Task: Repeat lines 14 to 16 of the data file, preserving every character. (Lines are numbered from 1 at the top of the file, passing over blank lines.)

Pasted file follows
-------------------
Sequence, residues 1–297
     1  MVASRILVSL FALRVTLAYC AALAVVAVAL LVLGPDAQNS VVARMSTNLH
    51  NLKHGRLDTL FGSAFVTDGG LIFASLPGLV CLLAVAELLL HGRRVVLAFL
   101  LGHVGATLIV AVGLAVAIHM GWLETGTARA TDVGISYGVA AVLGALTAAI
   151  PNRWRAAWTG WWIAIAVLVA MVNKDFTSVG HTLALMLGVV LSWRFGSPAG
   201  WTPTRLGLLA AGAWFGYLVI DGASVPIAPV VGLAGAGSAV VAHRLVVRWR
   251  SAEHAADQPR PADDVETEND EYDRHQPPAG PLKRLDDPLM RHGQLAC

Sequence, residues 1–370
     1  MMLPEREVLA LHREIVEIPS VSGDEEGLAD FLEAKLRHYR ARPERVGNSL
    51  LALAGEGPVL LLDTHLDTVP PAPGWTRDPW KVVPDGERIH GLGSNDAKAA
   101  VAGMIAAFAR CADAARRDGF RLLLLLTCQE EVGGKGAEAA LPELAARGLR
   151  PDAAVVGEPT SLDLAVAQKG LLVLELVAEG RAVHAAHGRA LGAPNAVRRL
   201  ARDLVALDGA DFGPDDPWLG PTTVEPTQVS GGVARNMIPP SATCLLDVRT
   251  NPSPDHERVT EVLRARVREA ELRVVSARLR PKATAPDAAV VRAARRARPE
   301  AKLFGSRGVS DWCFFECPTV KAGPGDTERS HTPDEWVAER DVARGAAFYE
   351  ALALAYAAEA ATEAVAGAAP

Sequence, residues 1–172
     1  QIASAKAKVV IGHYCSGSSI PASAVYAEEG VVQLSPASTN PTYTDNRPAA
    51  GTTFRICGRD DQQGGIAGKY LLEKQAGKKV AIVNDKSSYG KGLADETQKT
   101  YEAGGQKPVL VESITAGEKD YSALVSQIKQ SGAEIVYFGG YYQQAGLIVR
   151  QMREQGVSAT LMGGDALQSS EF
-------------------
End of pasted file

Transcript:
   251  NPSPDHERVT EVLRARVREA ELRVVSARLR PKATAPDAAV VRAARRARPE
   301  AKLFGSRGVS DWCFFECPTV KAGPGDTERS HTPDEWVAER DVARGAAFYE
   351  ALALAYAAEA ATEAVAGAAP